One example among many: Critical moment (1996) is no big deal, it's a disaster movie like so many others. Except that the plane hijackers are Arabs, have an Arab phenotype and speak Arabic all the time. During the flight, they demand the release of their imprisoned leader, the price demanded for not blowing up the plane with the bomb at their disposal. It is clear that they break their word and, after releasing their leader, they continue the flight to shoot the plane over the Pentagon, in which they are thwarted by the action of some brave American soldiers.

another is Air Force One (1997), in which the presidential plane is hijacked by Russians who insist on remaining communists. The United States had just carried out a clandestine operation in Kazakhstan, arresting General Radek, head of the government, and handing him over to the Russians: yet another of its usual interferences in a foreign country. The kidnappers want Radek released, and they already have one of their infiltrators on board. A high point is the reply of one of the terrorists, who, admonished for killing innocents, retorts: “And you, who killed a hundred thousand Iraqi civilians, just because of a few cents more in each barrel of oil?”. However, the president, opportunely played by Harrison Ford in another of the feats he has become accustomed to as Indiana Jones, will manage to dominate all terrorists alone.

one more is the great attack (1997), in which an FBI agent investigates an Arab religious sect, home to suspects in the terrorist attack on the World Trade Center in 1993, which killed six people and injured more than a hundred.

15 minutes ( 15 minutes, 2001) is interesting for its critical notes. Two psychopaths, veterans in crime, a Russian and a Czech, completely dazzled, land in New York determined to “make America”. They commit crimes and film themselves while executing them, until they manage to torture and murder the most important policeman in the city. Life is done: they sell the film to a TV show for a million dollars. Good connoisseurs, through cinema and television, of the functioning of the American system, when one of them is arrested, he claims insanity and is innocent. That they end up shot down by the police does not invalidate their feats. The last image from the amateur film they made is the Statue of Liberty.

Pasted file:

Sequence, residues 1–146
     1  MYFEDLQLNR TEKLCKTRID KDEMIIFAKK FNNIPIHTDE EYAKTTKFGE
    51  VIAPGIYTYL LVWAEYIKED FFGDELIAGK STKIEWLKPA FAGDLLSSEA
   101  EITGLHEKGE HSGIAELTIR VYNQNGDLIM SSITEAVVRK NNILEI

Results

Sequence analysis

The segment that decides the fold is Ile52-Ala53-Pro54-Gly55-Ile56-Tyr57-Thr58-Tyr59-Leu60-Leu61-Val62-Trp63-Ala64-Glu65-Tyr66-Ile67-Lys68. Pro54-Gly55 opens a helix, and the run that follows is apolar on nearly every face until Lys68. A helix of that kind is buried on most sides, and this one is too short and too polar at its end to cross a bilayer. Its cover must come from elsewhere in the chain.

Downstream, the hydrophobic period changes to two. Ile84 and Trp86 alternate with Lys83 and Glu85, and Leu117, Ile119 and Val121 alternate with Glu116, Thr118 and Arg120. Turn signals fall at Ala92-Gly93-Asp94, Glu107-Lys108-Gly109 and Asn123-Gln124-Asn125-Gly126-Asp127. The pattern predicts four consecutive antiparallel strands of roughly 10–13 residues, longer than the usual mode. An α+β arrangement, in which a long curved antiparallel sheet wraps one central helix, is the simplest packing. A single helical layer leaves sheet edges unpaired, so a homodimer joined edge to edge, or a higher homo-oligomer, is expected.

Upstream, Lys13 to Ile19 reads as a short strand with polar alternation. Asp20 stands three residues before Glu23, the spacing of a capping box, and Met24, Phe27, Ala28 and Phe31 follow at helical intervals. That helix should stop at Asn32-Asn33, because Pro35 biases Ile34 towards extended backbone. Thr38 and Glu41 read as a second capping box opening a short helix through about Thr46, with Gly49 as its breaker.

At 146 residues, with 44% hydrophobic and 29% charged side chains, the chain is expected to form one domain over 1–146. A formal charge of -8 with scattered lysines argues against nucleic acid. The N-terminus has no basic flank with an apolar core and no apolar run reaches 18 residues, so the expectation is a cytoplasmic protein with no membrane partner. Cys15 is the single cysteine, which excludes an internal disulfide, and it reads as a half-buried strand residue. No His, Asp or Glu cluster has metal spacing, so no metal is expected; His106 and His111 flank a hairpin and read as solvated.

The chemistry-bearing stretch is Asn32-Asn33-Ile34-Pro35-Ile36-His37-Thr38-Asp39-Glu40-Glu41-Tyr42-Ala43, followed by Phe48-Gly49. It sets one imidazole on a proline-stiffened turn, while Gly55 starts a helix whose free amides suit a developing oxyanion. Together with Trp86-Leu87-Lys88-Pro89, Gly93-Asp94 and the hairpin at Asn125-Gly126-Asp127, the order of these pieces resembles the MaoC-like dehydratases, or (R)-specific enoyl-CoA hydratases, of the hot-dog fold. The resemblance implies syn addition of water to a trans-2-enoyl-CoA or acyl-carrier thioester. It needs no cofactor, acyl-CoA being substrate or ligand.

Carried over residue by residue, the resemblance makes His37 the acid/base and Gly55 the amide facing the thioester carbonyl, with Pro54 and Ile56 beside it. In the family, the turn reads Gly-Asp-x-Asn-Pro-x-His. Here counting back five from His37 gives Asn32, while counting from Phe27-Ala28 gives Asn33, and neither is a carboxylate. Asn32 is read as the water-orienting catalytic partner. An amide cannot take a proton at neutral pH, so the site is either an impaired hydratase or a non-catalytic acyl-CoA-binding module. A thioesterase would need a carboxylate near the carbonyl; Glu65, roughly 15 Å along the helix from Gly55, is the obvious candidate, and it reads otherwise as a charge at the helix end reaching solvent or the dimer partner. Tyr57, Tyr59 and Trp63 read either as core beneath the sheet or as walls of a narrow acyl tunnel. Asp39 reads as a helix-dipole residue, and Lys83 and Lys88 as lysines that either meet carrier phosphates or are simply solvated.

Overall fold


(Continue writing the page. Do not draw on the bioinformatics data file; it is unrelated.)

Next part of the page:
Due to its originality, it deserves a closer examination. besieged new york (1998). Claiming the release of their religious leader arrested by the Americans, groups of Arabs immolate themselves in several attacks in the city. The president declares a state of war and the army occupies New York. More than rare is the appearance on the screen of an American general in uniform torturing and killing a suspect, even more so in New York. Concentration camps for Arabs are set up, visible behind the fences.

The heroes turn out to be the FBI and the CIA, against the Army, and it is still ludicrous to see them transformed into champions of civil rights. The attacks, all carried out by suicide bombers wrapped with dynamite cartridges, target a crowded bus, downtown, and a Broadway theater in full swing. The last one, planned but frustrated, intends to infiltrate a multiethnic demonstration against the persecution of Arabs, joined by Jews, blacks and white Americans, outside the city hall. An intriguing detail is that, after much shenanigans, the CIA agent lets slip the origin of the terrorists: they belonged to a tribe in southern Iraq whom the CIA had taught to make bombs and carry out attacks against Saddam Hussein. Then, changing policy, the CIA abandoned its allies, who were massacred. In revenge, the few that remain will lay waste to New York.